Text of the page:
But it also has deep implications for government policy. The Fed itself has taken aggressive emergency action during the coronavirus crisis — backstopping sputtering debt markets and pumping trillions into the economy. But those policies are squarely aimed at making it easier for companies to borrow money to keep doing business, so they boost stock prices far more than ordinary incomes. As a result, the central bank itself has drawn criticism for inadvertently stoking wealth inequality.

Among the bottom half of earners, only one-third are invested in equities, compared to more than 90 percent of families in the top 10 percent in income. And while stock ownership overall increased slightly in the second quarter, working-age families’ participation in retirement plans also ticked down.

Conservatives stress that fully half of Americans benefit when the stock market goes up, arguing that the rise in the Dow Jones Industrial Average still represents increased life savings for millions of people.

“That is how the Democrats think: You make $1,000, but you’re not happy because Bill Gates, who saved more money than you, has gone up by $1 million,” said Grover Norquist, president of Americans for Tax Reform. “Nobody thinks like that.”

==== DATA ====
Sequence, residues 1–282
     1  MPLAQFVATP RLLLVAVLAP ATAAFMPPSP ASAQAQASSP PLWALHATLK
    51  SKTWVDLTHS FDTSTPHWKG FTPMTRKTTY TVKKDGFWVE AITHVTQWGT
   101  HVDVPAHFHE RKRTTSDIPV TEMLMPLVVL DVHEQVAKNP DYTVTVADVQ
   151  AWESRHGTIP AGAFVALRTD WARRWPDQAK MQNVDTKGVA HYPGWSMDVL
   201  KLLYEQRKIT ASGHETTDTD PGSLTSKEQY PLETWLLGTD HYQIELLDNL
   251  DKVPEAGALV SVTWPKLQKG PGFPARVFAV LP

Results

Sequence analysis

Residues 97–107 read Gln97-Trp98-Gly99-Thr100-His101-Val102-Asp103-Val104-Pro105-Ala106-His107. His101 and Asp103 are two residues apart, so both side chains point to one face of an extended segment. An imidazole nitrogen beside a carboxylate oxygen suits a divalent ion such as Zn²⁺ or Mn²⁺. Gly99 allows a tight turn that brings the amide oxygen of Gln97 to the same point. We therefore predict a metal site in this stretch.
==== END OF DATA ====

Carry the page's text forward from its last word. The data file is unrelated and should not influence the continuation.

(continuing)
Norquist, a longtime crusader for lower taxes and smaller government, said the focus instead should be on making it easier for people to invest in equities, such as through health savings accounts, 529 college savings plans, or 401(k)s for gig workers like Uber drivers.

The issue briefly flared up during last week’s presidential debate between Trump and Democratic presidential nominee Joe Biden.

Biden accused Trump of using the stock market as a prime measure of his response to the pandemic, rather than paying attention to the bleak health situation and the economic struggles of so many Americans.

“When the stock market goes up, it means jobs,” Trump responded. “It also means 401(k)s.”

Still, the benefit of those gains is not only unequally shared among income groups but also across races: 89 percent of the value of stock owned by American households was held by white families, compared with 1.2 percent held by Black families and just 0.5 percent held by Hispanic families, according to quarterly Fed data.